Gone are the days of the unyielding God-fearing mother as the archetype of good parenting, suggests a recent article from the Los Angeles Times.
According to multiple reports, research has shown that a secular upbringing may be healthier for children.
According to a 2010 Duke University study, kids raised this way display less susceptibility to racism and peer pressure, and are “less vengeful, less nationalistic, less militaristic, less authoritarian, and more tolerant, on average, than religious adults.” But the list of benefits doesn’t stop there.
Citing Pew Research, the Times’ Phil Zuckerman notes that there’s been a recent spike in American households who categorize themselves as “Nones” — their religious affiliation being “nothing in particular.” According to Zuckerman, modern nonreligious adults account for 23 percent of Americans. As early as the ’50s, that figure was only four percent. And with godlessness on the rise, researchers have begun analyzing the benefits of nonreligious child rearing more closely.
“Far from being dysfunctional, nihilistic and rudderless without the security and rectitude of religion,” writes Zuckerman, “secular households provide a sound and solid foundation for children, according to Vern Bengston, a USC professor of gerontology and sociology.” Bengston oversees the Longitudinal Study of Generations, the largest study of families and their religious affiliations in America. After noticing an uptick in nonreligious households, Bengston added secularism to the study in 2013. “Many nonreligious parents were more coherent and passionate about their ethical principles than some of the ‘religious’ parents in our study,” said Bengston in an interview with Zuckerman. “The vast majority appeared to live goal-filled lives characterized by moral direction and sense of life having a purpose.”
“For secular people, morality is predicated on one simple principle: empathetic reciprocity, widely known as the Golden Rule. Treating other people as you would like to be treated. It is an ancient, universal ethical imperative. And it requires no supernatural beliefs.”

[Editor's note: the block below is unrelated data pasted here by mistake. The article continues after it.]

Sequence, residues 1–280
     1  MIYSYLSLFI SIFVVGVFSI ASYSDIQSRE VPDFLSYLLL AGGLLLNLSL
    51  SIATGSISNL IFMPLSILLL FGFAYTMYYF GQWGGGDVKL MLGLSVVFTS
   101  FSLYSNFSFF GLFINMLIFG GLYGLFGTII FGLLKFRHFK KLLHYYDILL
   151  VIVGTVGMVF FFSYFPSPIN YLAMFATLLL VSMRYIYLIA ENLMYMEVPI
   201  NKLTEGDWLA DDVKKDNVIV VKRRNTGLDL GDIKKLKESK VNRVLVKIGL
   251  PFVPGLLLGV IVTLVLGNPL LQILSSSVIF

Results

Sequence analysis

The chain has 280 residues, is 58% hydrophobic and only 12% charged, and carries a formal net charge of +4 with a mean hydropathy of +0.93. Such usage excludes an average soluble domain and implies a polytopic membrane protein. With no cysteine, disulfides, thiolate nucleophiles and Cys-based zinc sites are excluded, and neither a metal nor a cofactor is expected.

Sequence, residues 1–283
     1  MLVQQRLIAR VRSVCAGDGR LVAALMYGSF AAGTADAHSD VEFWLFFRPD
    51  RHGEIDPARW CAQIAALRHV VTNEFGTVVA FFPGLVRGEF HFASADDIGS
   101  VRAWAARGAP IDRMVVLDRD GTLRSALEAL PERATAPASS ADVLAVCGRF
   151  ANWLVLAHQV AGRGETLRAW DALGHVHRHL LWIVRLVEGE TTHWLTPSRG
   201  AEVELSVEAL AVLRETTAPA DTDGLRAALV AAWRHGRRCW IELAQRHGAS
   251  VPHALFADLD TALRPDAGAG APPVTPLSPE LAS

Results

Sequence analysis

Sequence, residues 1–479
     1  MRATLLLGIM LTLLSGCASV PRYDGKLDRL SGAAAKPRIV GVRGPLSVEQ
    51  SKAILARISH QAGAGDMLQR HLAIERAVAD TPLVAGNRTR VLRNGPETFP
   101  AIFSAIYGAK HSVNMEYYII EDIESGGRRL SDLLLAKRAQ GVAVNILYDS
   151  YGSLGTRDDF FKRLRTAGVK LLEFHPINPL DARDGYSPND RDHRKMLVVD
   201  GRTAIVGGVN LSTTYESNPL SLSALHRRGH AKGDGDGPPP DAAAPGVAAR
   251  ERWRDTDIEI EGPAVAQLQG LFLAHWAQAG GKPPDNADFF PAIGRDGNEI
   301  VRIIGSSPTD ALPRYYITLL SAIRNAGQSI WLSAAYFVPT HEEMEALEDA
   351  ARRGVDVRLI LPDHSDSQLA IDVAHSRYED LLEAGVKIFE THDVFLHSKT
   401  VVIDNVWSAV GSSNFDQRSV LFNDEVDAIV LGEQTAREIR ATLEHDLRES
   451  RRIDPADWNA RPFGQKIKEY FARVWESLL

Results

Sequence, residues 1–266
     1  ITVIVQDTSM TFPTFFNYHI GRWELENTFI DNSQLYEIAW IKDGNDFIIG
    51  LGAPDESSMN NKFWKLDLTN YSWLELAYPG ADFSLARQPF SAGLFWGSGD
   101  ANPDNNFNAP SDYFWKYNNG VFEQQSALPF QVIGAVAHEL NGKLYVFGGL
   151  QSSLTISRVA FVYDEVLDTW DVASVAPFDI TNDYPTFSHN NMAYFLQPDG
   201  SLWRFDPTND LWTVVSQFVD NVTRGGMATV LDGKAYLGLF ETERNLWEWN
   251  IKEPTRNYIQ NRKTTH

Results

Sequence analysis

Check this out: Atheists “were almost absent from our prison population as of the late 1990s,” accounting for less than half of one percent of inmates, according to reports by the Federal Bureau of Prisons. “This echoes what the criminology field has documented for more than a century,” Zuckerman writes, “the unaffiliated and the nonreligious engage in far fewer crimes.”
Additionally, a troublesome report from the BBC last year found that religious children were less likely than their nonreligious peers to distinguish fantasy from reality, based on a study conducted by Boston University. Presented with realistic, religious, and fantastical stories, children were then asked whether they thought the story was real or fictional. Researchers found that “[c] children with a religious upbringing tended to view the protagonists in religious stories as real, whereas children from non-religious households saw them as fictional.” And why is this problematic? Because it muddies the waters of a child’s differentiation between reality and fiction and even the spiritual from the fantastical.
“For secular people, morality is predicated on one simple principle: empathetic reciprocity, widely known as the Golden Rule. Treating other people as you would like to be treated,” writes Zuckerman. “It is an ancient, universal ethical imperative. And it requires no supernatural beliefs.”